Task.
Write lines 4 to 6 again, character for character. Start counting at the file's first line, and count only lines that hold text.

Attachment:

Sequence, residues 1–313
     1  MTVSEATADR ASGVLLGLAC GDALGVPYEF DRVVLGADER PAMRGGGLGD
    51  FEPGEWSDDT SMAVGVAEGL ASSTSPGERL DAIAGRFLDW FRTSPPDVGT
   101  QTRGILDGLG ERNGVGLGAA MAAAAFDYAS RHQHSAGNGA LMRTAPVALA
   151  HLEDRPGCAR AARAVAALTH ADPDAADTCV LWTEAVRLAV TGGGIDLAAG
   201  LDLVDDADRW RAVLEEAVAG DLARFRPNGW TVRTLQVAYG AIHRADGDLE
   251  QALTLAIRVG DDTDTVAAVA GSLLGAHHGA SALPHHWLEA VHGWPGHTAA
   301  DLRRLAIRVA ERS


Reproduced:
   101  QTRGILDGLG ERNGVGLGAA MAAAAFDYAS RHQHSAGNGA LMRTAPVALA
   151  HLEDRPGCAR AARAVAALTH ADPDAADTCV LWTEAVRLAV TGGGIDLAAG
   201  LDLVDDADRW RAVLEEAVAG DLARFRPNGW TVRTLQVAYG AIHRADGDLE